A jury of seven men and five women could not reach a verdict on the three charges filed against Bill Cosby in connection with allegedly sexually assaulting Andrea Constand at his Cheltenham Township home in January of 2004.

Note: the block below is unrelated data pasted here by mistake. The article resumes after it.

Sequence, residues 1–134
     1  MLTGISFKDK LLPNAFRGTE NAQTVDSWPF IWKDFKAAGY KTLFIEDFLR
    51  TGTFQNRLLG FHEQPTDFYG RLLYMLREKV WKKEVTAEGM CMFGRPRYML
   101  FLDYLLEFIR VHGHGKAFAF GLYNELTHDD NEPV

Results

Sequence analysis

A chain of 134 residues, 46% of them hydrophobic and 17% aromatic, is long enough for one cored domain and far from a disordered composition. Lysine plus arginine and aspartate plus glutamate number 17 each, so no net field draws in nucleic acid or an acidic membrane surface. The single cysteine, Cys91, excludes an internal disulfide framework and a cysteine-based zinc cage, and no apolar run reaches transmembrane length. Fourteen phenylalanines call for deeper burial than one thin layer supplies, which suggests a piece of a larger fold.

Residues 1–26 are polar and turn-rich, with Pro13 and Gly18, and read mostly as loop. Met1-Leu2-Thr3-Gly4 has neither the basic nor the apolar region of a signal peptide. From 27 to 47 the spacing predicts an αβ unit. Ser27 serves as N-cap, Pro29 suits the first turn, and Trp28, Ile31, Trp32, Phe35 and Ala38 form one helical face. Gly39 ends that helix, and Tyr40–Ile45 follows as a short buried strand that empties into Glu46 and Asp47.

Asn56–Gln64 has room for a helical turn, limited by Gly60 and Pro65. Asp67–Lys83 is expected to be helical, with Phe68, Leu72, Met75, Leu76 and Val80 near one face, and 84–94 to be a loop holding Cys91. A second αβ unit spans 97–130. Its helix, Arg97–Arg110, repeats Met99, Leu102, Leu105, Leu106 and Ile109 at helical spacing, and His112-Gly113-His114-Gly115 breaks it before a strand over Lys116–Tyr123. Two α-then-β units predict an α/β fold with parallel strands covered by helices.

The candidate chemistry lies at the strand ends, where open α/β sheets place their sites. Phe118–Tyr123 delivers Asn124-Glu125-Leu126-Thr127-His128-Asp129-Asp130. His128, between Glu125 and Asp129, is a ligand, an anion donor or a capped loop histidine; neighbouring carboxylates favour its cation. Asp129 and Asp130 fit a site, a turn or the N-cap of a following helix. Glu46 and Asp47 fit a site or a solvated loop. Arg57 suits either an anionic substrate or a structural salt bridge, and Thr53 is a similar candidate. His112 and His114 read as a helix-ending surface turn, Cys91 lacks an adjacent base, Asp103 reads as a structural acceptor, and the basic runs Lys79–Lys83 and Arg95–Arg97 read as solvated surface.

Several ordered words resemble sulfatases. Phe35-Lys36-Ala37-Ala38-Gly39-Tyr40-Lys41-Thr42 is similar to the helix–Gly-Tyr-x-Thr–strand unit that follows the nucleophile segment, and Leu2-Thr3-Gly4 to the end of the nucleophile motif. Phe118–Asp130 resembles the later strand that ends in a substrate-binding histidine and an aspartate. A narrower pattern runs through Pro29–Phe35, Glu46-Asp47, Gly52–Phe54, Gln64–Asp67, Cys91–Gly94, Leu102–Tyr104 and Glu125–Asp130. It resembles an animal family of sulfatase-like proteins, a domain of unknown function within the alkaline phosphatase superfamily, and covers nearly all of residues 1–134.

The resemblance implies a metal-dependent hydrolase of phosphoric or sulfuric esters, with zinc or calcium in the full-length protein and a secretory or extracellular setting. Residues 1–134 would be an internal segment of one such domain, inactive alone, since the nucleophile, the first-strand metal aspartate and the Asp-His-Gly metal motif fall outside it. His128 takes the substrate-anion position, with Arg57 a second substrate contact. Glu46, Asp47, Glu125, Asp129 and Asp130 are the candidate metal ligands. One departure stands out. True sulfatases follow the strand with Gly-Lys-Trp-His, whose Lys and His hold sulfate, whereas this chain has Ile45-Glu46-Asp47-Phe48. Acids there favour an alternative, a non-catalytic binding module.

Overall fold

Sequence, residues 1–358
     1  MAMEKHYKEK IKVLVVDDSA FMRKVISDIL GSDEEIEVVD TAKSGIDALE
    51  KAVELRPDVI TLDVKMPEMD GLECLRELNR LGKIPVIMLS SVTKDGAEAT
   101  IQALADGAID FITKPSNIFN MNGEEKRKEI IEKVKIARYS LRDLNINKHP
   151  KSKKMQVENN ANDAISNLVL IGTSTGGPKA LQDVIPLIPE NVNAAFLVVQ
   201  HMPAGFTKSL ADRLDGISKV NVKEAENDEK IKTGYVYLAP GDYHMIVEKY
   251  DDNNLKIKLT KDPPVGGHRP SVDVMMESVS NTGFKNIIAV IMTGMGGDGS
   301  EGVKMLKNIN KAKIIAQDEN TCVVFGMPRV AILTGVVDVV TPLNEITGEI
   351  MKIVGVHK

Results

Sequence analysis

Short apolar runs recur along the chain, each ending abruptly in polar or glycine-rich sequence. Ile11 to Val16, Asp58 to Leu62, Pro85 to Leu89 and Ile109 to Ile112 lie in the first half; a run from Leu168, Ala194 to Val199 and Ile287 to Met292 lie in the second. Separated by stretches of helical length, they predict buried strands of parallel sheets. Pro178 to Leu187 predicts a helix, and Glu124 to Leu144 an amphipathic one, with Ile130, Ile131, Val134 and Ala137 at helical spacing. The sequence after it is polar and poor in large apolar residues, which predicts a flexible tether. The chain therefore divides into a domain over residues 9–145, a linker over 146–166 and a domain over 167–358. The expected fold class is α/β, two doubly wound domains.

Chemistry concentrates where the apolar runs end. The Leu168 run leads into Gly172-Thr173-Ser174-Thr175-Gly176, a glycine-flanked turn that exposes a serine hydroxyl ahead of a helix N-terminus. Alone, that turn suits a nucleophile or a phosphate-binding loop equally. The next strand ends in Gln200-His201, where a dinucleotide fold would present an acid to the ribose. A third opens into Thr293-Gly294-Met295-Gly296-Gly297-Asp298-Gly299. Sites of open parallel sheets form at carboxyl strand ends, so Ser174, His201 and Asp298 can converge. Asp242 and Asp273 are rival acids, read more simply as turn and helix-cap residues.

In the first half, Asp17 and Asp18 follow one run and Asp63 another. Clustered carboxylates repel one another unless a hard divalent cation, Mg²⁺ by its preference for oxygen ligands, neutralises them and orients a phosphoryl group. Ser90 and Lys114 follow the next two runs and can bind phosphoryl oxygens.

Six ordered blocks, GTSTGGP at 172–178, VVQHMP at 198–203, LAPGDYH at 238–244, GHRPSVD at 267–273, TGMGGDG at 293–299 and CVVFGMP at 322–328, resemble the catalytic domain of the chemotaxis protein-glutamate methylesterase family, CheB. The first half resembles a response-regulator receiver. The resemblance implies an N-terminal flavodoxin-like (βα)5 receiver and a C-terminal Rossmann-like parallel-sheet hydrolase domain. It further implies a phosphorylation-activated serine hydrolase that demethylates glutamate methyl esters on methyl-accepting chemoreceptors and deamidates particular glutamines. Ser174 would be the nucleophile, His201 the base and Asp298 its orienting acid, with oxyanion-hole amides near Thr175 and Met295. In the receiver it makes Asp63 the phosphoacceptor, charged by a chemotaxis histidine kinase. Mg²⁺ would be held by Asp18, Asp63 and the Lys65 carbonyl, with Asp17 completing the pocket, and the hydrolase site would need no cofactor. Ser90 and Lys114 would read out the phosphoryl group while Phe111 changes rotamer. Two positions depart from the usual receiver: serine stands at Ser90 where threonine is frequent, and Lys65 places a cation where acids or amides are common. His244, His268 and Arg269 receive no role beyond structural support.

The jury deliberated until Saturday morning, a sixth day, before informing Judge Steven O’Neill that they were hopelessly deadlocked. The jury heard testimony about the incident in which Constand accused Cosby of giving her three blue pills and wine at his home to relax her. Constand testified that she was at his home seeking advice about her career. Constand said after she took the pills she became foggy and unable to fend off Cosby’s alleged sex assault after he led her to a sofa. The trial also included testimony from another woman, Kelly Johnson, who claims that Cosby sexually assaulted her in 1996 when he allegedly gave her a pill in a Los Angeles hotel room when she was employed by a talent agency. Constand’s mother also testified that Cosby called her and apologized for what he had done to Andrea. Montgomery County District Attorney Kevin Steele says he will retry the case. Steele, in a news conference following the announcement of the mistrial, said the process will take another 120 days before the next trial can begin. A deposition Cosby agreed to take part in for Andrea Constand’s civil trial was used in the trial. Cosby admitted to using Quaaludes with women in the 1970’s that he wanted to have sex with. The defense tried to block the deposition from trial, but since there was no written agreement in 2005 with then D.A. Bruce Castor not to charge Cosby, he agreed to the deposition. Cosby and Constand met while Constand was employed at Temple University as a member of the women’s basketball program. Cosby maintained that the sex he had with Constand at his home in January of 2004 was consensual.